Another common trait both leaders have is the Acknowledgment and Appreciation practice of others. Such practice goes to the root of people’s connection with one other. When we practice appreciation, people tend to grow even more in a team, their successes and efforts become part of the team. Both leaders have appreciated countless of individuals in their professional career that it makes it clear why they have been successful themselves. Both could be seeing as Influencer Leaders because of their extroverted and talkative nature. When I took classes from Charise she gave me energy because she was enthusiastic and engaging when teaching the classes for CDT. She is open, relationship driven, and people oriented. In my opinion there are few people like her who devote endless hours for the better of her community. Her community extends to all of United States and some of Canada. Her forum is bigger than she even believes. Part of her growth as a leader in the industry has been because her leadership style is to communicate and inform the listener. She is also open to learning new things and ways to improve the industry, just like Captain Abrashoff, she believes that individuals have a lot to offer if given the opportunity.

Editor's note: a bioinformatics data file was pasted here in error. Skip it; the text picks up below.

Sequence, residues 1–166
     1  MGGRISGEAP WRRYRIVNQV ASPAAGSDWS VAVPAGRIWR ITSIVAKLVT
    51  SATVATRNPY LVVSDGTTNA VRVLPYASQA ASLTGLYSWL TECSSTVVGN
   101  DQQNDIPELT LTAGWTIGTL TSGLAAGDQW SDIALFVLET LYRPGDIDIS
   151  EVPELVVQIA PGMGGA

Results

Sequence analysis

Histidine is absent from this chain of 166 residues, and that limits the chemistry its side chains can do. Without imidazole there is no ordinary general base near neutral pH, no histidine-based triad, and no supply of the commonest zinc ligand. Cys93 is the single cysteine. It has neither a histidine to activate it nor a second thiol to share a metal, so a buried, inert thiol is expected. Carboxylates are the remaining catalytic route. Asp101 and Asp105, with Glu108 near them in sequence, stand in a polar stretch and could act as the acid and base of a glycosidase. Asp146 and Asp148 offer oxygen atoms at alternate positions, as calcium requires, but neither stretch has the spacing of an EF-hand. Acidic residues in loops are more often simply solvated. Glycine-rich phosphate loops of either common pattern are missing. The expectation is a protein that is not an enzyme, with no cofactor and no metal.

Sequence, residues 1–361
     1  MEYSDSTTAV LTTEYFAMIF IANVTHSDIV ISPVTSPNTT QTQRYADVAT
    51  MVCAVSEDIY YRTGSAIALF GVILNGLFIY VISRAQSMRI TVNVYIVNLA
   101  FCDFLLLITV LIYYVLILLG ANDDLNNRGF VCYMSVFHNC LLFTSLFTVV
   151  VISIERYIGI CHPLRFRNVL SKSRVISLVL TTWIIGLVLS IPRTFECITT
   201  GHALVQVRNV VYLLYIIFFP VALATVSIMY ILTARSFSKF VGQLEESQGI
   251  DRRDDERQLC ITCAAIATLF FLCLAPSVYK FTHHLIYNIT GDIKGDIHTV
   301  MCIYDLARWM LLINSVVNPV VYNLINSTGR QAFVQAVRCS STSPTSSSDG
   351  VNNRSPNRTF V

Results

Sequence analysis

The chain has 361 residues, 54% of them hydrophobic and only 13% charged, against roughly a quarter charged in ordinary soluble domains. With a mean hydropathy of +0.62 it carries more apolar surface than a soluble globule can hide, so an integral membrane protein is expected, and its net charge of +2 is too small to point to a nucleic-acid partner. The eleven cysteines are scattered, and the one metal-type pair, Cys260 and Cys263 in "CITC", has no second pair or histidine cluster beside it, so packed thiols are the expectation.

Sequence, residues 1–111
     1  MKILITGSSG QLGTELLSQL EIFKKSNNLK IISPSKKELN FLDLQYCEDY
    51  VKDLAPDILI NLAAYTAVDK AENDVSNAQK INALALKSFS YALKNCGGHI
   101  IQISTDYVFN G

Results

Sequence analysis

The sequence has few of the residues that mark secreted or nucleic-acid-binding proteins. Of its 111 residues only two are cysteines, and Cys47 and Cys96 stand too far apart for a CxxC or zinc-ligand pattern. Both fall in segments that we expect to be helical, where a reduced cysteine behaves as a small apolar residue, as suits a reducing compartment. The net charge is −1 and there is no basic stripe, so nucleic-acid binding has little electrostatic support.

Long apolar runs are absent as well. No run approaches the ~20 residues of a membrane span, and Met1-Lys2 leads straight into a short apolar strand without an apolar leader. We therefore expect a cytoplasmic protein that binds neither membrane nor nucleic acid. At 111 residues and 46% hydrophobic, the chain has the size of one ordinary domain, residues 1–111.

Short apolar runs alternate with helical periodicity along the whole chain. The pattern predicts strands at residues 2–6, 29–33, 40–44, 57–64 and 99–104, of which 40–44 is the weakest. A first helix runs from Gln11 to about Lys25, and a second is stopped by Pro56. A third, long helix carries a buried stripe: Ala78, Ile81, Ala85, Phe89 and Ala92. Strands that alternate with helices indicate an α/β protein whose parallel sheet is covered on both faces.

Both leaders aim at perfection, use facts, data and history to provide information to their listeners. They both are people driven and have tremendous verbal skills. I believe Cherise needs to write a book about her journey in the construction industry and her impact to the thousands of students she has reached and contributed for a better place, especially for women. Both leaders have taken risks, although maybe this is one trait where they might be different. From reading Captain Abrashoff book, It’s your Ship: Management Techniques from the Best Damn Ship in the Navy, he probably has a greater risk threshold, after all he commanded a destroyer ship. The construction industry can be dangerous too, but with all the safety precautions needed to visit a job site, I doubt Cherise has put herself in the way of physical risks. Knowing her professional career I assume she has been less risky.